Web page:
The under-fire head of the Health Service Executive (HSE) has said he did not know about the cervical cancer scandal in time.
Those who should have given him information did not realise the significance of the screening problems, director general Tony O'Brien said.
He called for a duty of candour to be imposed.
"This one I was not and I am very concerned about that."
The Government has ordered a scoping inquiry into the matter.
An audit by CervicalCheck - Ireland's national screening programme - of 1,482 women diagnosed with cervical cancer since 2008 found potential errors in 208 cases as tests showed no abnormality when they should have been given a cancer warning.
Seventeen have since died.
A total of 201 of the women and their families have been offered early meetings, while the remaining seven are abroad and cannot be contacted, health officials said.
Almost 12,000 women have called a helpline.
Mr O'Brien told the Joint Health Committee at the Oireachtas: "It would have been beneficial if all the communication had been completed before it came into the public domain. That is what has damaged confidence.
He steps down in July despite calls for him to go sooner, and Sinn Fein leader Mary Lou McDonald has claimed he was "untouchable".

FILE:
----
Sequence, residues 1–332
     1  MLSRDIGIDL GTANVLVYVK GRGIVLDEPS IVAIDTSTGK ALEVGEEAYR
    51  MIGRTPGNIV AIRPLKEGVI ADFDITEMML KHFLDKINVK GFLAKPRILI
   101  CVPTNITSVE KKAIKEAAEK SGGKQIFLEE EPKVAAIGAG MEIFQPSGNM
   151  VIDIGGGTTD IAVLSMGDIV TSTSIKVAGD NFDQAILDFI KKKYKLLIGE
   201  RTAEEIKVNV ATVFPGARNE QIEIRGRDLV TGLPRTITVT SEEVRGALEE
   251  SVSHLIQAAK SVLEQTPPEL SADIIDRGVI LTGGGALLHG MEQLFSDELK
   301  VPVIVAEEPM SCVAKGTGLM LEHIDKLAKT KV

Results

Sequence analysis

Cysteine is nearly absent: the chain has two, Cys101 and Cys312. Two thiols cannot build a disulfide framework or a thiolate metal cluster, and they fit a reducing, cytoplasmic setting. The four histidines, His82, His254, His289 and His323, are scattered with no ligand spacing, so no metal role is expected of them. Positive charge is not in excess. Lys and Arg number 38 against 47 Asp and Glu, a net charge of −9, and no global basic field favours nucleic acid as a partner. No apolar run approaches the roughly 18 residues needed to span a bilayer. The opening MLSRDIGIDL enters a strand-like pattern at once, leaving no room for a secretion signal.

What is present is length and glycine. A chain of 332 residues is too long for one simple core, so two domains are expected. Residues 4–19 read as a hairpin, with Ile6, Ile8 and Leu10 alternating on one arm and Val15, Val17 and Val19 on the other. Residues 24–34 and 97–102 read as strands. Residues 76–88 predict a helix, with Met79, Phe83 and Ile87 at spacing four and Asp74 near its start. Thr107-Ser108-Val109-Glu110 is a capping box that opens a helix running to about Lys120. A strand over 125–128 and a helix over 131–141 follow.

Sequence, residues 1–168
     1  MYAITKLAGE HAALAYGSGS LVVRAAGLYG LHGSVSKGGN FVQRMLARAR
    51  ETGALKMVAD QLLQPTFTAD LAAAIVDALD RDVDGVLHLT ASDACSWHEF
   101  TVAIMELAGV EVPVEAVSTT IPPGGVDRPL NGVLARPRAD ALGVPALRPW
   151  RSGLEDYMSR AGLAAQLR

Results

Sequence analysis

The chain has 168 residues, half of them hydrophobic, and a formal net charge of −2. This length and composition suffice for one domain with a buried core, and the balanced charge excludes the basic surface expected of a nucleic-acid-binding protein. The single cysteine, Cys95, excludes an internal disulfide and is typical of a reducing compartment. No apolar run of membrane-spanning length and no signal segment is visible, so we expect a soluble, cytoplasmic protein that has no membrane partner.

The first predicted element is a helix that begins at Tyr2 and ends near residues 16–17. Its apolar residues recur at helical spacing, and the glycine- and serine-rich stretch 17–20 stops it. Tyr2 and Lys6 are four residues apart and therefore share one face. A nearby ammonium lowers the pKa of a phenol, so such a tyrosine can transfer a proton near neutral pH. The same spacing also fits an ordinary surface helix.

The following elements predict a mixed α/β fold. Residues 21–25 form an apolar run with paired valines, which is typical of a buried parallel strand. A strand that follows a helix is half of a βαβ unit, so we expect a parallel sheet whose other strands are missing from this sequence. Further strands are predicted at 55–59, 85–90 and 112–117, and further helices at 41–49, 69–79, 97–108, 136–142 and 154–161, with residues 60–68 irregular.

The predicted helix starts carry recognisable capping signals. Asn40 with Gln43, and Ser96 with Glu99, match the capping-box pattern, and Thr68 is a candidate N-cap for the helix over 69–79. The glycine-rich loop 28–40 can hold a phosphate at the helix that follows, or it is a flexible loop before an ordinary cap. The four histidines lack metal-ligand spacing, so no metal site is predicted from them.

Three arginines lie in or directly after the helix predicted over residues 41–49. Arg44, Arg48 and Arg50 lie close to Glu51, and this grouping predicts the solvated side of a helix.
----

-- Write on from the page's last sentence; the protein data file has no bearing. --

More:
He said he intended to continue work agreed with health minister Simon Harris to meaningfully address all issues of significant concern.
He has a sign in his office, "speak truth to power", put up on his second day after becoming concerned that people were not giving him information.
He said those who should have given him information did not see the significance of it, but supported the introduction of a statutory duty of candour to bring a "sharper edge" to how people acted.
Mr Harris said everyone's confidence had been shaken but Mr O'Brien was best placed to address the issues raised while he served the remainder of his term.
Update 10.50am: HSE boss Tony O'Brien says he will not resign despite pressure from political parties.
Three ministers, Fianna Fáil and Sinn Féin have all shared their belief that Mr O'Brien should step down after the CervicalCheck scandal.
He has told an Oireachtas Committee if he had been made aware of the situation earlier he could have made the fallout easier for everyone.